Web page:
Newspaper Archive of
Cloverdale Reveille
Cloverdale, California
August 20, 1980     Cloverdale Reveille
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August 20, 1980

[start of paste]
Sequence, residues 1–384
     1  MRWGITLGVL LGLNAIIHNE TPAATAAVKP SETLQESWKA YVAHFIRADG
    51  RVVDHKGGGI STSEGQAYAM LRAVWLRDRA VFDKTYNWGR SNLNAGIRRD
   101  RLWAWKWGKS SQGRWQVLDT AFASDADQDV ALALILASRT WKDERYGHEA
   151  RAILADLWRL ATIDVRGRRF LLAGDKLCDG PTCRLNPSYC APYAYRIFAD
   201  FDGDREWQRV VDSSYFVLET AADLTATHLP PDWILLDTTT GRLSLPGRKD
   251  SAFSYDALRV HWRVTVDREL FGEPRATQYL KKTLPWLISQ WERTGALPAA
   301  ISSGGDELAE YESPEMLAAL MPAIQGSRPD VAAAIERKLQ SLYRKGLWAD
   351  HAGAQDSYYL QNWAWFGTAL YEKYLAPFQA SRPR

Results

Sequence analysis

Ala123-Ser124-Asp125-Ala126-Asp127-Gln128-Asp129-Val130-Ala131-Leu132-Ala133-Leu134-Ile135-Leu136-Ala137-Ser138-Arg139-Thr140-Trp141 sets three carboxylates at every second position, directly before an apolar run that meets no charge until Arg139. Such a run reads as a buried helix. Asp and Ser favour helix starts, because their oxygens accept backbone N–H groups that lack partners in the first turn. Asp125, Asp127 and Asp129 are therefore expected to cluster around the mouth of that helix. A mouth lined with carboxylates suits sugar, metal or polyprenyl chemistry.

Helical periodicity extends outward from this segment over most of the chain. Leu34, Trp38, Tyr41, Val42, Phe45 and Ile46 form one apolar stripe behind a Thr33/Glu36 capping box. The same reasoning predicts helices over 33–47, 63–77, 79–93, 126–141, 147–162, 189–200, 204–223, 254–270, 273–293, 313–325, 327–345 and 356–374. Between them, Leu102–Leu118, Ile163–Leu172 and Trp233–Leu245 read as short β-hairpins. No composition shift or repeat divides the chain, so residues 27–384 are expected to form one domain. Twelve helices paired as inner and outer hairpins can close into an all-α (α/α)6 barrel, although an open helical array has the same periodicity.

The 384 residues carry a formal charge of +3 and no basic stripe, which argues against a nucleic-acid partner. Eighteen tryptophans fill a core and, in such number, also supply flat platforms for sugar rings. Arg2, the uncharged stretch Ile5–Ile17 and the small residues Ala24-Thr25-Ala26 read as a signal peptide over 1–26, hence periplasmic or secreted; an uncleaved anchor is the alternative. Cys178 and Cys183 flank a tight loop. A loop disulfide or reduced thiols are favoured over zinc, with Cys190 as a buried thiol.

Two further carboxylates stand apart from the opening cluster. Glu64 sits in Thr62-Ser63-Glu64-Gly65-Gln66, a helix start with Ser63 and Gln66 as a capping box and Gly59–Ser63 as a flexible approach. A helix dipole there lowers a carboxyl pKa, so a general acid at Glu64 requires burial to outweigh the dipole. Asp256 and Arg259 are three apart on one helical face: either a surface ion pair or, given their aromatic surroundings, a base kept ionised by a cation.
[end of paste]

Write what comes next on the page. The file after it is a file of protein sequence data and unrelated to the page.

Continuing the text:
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' Wednesday, August 20, 1980- Page 3 School enrollment expected to decline at Cloverdale High School, is getting Wardrobe together. Judy McDonald, owner of J's. is helping her with her selection of shoes. Photo by Janice. year budget 8 percent higher public hseeondary 1980-81 bya of $8.2 than will and child Riles, of public m an in- State news )r state Plan $I00 year and and Senator state by $9 r $12 million the 1981 said... of the the is ap- Percent, last year. "Program 1980-81 .including with follows: rOvement each corn- through what is its school -$152.4 million, up 13 percent. This includes funding for a 9 percent cost-of-living ad- justment and $4.8 million ($30 per pupil) for "new planning grants to further expand SIP at the secondary school level. The legislature pointed out, however, that provision Of the new planning grants does not guarantee that funding will be available in 1981-82 for implementation of the plans prepared as a result of this year's grant. Child Development (provides care for children of low-income workingparents)- -$148.2 million, up 19 percent. The program is expanded by Senate Bill 863. Priority will be given to infants and tod- dlers, including those of migrant workers and school- age parents; to school-age children during non-school hours; to children in rural teas; to coordination of services for the han- dicapped; and to children in low-income and urban areas. Child Nutrition (helps pay the basic subsidy for all school meals served and supports the Meals for the Needy Program )--$37.9 million, down 18 percent. This cut does not represent a reduction in per meal support but a revision of the projected numer of meals to be served. Urban Impact Aid tprovides special support to 19 unified school districts that have additional urban education costs)--Statutory authorization for this program expired on June 30, but the program was authorized to continue in the 1980 budget. Funding was set at $.54.7 million, about the same as last year. Economic Impact Aid(r- povides special services for disadvantaged and limited and non-English-speaking students ) -$162 million, a I0 percent increase. Preschool Education (provides special programs to help educationally disadvantaged children and children from low-income homes enter kindergarten on a more equitable basis with more advantaged children)- $28.6 million, up 9 percent. Instructional Materials (assists schools in purchasing materials, such as textbooks and films)-$42.7 million, up II percent. Instructional Television (assiso schools in con- ucting, purchasing or renting instructional 'IV programs)-- $821,364, the same as last year. In addition, $130,000 hasbeen reappropriated from last year to conduct a pilot test of radio-based in- structional systems. Driver Training (teaches teenagers how to drive automobiles)-$1918 million, the same as last year. Mentally Gifted Minors (supports special programs for gifted children)--S15.9 million, up 9 percent. Adult Education $149 million is set as a cap or ceiling on state ap- propriations to school districts for this service. Within this fiscal limitation, schools are required to provide courses in the following: basic skills to help adults graduate from high school; adult short-term vocational programs in areas of high employment prospects; English as a second language; cttzensmp for immigrants; survival skills for older adults; parentingeducation; learning programs for the sub- stantially handicapped; and , apprenticeship programs. Portable Classrooms (provides funds for the state to purchase portable classrooms to lease to high- growth school districts )-$13 million, same as last year. Miiler-Unruh Reading Program-(provides grants to school districts to hire reading specialists )--$15.3 million, up 9 percent. Assembly Bill 8 and Senate Bitt 186 of 1979 mandate continuation of the offer of ummer school service for the following programs: (1) summer school for sub- stantially handicapped persons; and (2) summer school for graduating high school seniors. In ad- dition, while the Legislature did not mandate a summer school program, districts are authorized to receive state funding for summer school for students in grades 7 to 12 who do not meet the district's adopted proficiency stan- dards. Riles said the new budget ,ded education offers new courses State now has designed for a their and from a for Zenobia of novative for nts, real esae salespeople and brokers, nurses, owners of small businesses, teachers and others. Classes meet at various locations throughout the University's six-county service area as well as at the Rohnert Park campus, and many are held during late afternoon and evening hours to accommodate the schedules of those who work full time. While a majority of the courses begin the first and second week of September, others will start at various times during the semester, and interested persons should consult Quest, the Extended Education course bulletin, for a complete schedule. For persons aspiring to a paralegal career, there is the highly successful Attorney Assistant Certificate program, a two-year course that can he completed by attending only during evening hours. The progra has been greatly expanded to include classes to he held in Ukiah, Santa Rosa, Novato and Napa. Offered are several sections of the basic courses such as "In- troduction to Law for the Law for the the Attorney Assistant" and "Legal Research" as well as ad- vanced courses. Also available is a real estate program designed to fui|y prepare participants for the State Real Estate Broker's License examination. Coordinated by local developer and real estate broker Lou Jaroslovsky, the program can be completed in two seven-week sessions. Con- tinulng education courses for to rearrange on and eastern which Collection to take added space. The library will resume normal service on Friday, August 29, at 9:30 a.m. The Library's hours open are: Monday and Tuesday, 9:30 a.m.-9 p.m.; Wednesday and Thursday, 12 - 9 p.m.; Friday and Saturday, 9:30 a.m. - 6 p.m. underway evening classes ege accepting registrations weekdays from 8:30 a.m. to 4 at p.m. and evenings, Monday through Thursday, from 6 to 9 2, p.m. Registration continues through August 22 and will of resume again on September 2, when late registrations will arts, be accepted through Sep- temher 22, providing classes are not filled. For informtion about is evening classes, call 527-4441. Sterling Silver Jewelry Sale OFF Sterling silver chains, bra(elets, pierced earings, charms, rings... our entire selection of fine Sterling silver jewelry at 44 /o off! Clovordale Rexall Drugs 109 N. Cloverclale Blvd. 894-2520 Enrollment this fall in the state's public elementary and secondary schools-- kindergarten through the 12th grade-is expected to decline 1.2 percent from last year, according to Wilson Riles, state superintendent of public instruction. Basing his estimates on State Department of Finance preliminary projections, Riles said a total of 3,927,000 public school pupils and 1,276,000 community college students-nearly one quarter of the state's population-is expected in classrooms when the annual summer vacation ends. These figures, Riles said, represent an enrollment decline of 47,335 in elemen- tary and secondary schools from the 19'/9-80 school year, but an increase of 27,541 for the community colleges. Most of the decline, he explained, is the result of lower birth rates. The current projections indicate provides for major educational breakthroughs. "The signing of SB 1870 is landmark legislation that makes California the leader in giving handicapped children the rights they have so long deserved in education," he said. "It finishes a job we started more than six years ago to remove the stigma of labels on handicapped children and recognize that they are individuals with their own unique abilities to learn. SB 1870 will ensure that every school district in the state will he serving handicapped children through the Master Plan for Special Education by June of 1982." Riles said SB 863 "ad- vances California's cm- mitment to child care that goes back more than 37 years. Over the next five years," he said, "This legislation will allow us to serve more working parents and their children." He pointed out that the legislation includes the recommendations of a star,wide Commission on Child Development that he appointed two years ago. For more information about California's 1980 education budget, write or call- William Whiteneck, delmt) state superintendent of public instruction for ad- ministration, California State Department of Education, 721 Capitol Mall, Sacramento, CA 95814, (916) 445-80. tha total public school enrollment will continue to decline throgh 1902-and then turn upward. The projections do not include enrollment in special classes for the handicapped or adult education programs. Riles said the new enrollment this estimates show that: Kindergarten enrollment this year will he about 294,000 compared to 282,814 last year- -an increase of 11,184 or 4 percent. Grades 1-8 will have enrollments of about 2,395,600 compared to 2,416,P5 last year-a decrease of 21,351 or 0.9 percent. Grades 9-12 will hae enrollments of about 1,237,400 compared to 1,274,598 last year-a decrease of 37,168 or 2.9 percent. Community College enrollments will he about 1,276,000 compared to 1,248,459 last year-an increae of 27,541 or 2.2 percent. "It is clear from these figtres," Riles said, "that declining enrollment statewide in elementary schools is about over; the decline is now being felt in the state's junior and senior high schools. "The public should un- derstand," he added, "that these are statewide trends and do not represent what is happening in all districts. In some fast-growing areas enrollment at both elementary and secondary school levels is increasing so rapidly that they need new schools. In other areas, enrollment declines are forcing districts to close schools." Additional demographic information on the current state of education in Califoria was cited by Riles. He noted that statistics (1978-79) from the California State Department of Education show the following ethnic breakdown of minorities in the state's elementary and secondary shcools: American Indian 0.91 percent; Asian 4.31 percent; Filipino 1.44 percent; Black 10.01 percent; Hispanic 23.39 percent. Only two groups, Asians and Hispanics, show a significant increase since 1973-74. Total enrollment for Hispanics increased 6.19 and 1.31 percent for Asians. Riles pointed out that the impact of lndochinese refugees on California schools was far greater than on any other state. In the 1979-80 school year, ac- cording to new figures from the U.S. Department of Education, 17,304 were enrolled in California elementary and secondary schools-26 percent of the 67,173 lndochinese refugees enrolled in all 50 states. The state with the second highest enrollment was Texas with 5,427. Dolly Hanway, who is entering kindergarten at Jefferson School this fail, and Tony Demattei, second grader, are all set with new lunch boxes from Rascos. Photo by Janice. brokers that meet State requirements are offered as well. For those who prefer to study in the great outdoors, Dr. Terry Wright, SSU Professor of geology, will lead a river float trip. Savings OF UP TO 50% Shoes for .the Entire Famllyl YOU SHOE HEADQUARTERS l "Cloverclale's Family Shoe Store'; 109 L First St. Back to School Fashions FOR HER... *Souvenir *Ben-Ben *Byer e/bar *Rag.Time *Frltzl FOR HIM... *Levi *Campus CLOSING OUT All Student Sizes ,9 00 Special Table Webb's Fashions 111 E. First St.